SIX VOLUMES IN ONE BY THE DISTINGUISHED EXPONENTS OF CATHOLICISM REV. HENRY DODRIDGE, D. D. REV. HENRY EDWARD MANNING, D. D.REV. F. LEWIS, of Granada REV. STEPHEN KEENAN REV. BERNARD VAUGHAN, S. J. REV. THOMAS N. BURKE, O. P.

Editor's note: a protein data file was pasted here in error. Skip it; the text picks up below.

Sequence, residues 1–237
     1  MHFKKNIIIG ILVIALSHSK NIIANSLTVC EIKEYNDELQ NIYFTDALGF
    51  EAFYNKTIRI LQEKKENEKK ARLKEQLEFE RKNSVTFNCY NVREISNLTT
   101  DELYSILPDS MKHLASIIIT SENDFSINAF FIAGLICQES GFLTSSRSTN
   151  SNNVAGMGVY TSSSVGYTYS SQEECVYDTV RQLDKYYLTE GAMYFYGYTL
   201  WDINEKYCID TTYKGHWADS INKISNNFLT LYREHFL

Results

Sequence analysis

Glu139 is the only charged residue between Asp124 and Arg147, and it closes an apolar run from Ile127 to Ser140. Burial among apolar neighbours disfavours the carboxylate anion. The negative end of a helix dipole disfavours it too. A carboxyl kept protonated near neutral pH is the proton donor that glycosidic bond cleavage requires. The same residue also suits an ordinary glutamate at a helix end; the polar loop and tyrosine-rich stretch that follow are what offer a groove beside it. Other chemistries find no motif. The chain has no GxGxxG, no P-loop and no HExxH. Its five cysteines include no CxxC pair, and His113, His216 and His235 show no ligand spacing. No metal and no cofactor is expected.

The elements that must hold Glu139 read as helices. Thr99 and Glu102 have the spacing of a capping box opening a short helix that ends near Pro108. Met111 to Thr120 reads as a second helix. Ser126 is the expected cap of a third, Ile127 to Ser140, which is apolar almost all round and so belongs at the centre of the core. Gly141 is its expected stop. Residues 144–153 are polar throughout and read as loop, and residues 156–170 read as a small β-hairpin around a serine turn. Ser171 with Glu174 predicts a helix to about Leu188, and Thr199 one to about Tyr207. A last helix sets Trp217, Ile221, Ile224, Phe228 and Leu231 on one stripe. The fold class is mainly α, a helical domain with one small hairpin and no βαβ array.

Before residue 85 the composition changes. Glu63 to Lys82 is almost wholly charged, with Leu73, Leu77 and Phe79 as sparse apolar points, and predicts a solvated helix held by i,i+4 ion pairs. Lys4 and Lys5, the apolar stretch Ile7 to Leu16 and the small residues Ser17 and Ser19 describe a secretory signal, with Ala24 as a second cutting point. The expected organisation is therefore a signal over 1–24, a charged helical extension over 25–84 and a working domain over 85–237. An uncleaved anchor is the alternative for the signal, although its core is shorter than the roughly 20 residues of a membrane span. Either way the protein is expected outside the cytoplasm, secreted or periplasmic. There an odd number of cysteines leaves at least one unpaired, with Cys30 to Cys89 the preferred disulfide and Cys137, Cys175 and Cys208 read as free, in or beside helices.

But to come home to our subject, how unhappy must those poor creatures be who have nothing, if even those who enjoy all they can wish are so uneasy, because they do not enjoy God! For the want of every one of these things is a particular hunger and thirst, that torments them, and a thorn that is perpetually pricking their hearts : what peace, what quiet is it possible for a soul to have, when all its thoughts and desires are continually so importunate and rebellious ? The prophet says very well of such sort of people, " That the heart of the wicked is like a tempestuous sea, which is not to be calmed Isa. lvii. 20. And, indeed, what sea, what waves, or what winds can be more boisterous and stormy than the passions and desires of the wicked, which very often disturb not only the sea, but all the world? But there often start up contrary winds in this sea, which is another most violent sort of storm. For the same desires, like opposite winds, frequently resist one another, so that what pleases the flesh does not please honour, what honour loves, riches do not care for; reputation does not covet that which is agreeable to wealth, nor does sloth or luxury desire what reputation does. So that by this means it often happens, that the wicked, whilst they desire all things, do not know what they would have, and so are ignorant what to take and what to leave, because their desires contradict one another; just as bad humours do in distempers which proceed from different causes, where the physicians are puzzled what remedy to prescribe, because that which is good for the expelling of one humour may be apt to nourish another. Such was the confusion of languages at Babel, and such was that, for the preventing of which the royal prophet prayed to God, saying, "Destroy, O Lord, and divide their tongues, because I have beheld iniquity and contradiction in the city; " Ps. liv. ix. What, therefore, can this division of tongues, this iniquity and this contradiction be, but the disturbance which different passions make in the hearts of worldly-minded men when they oppose one another, and one desires that which is against the inclination and desire of another ?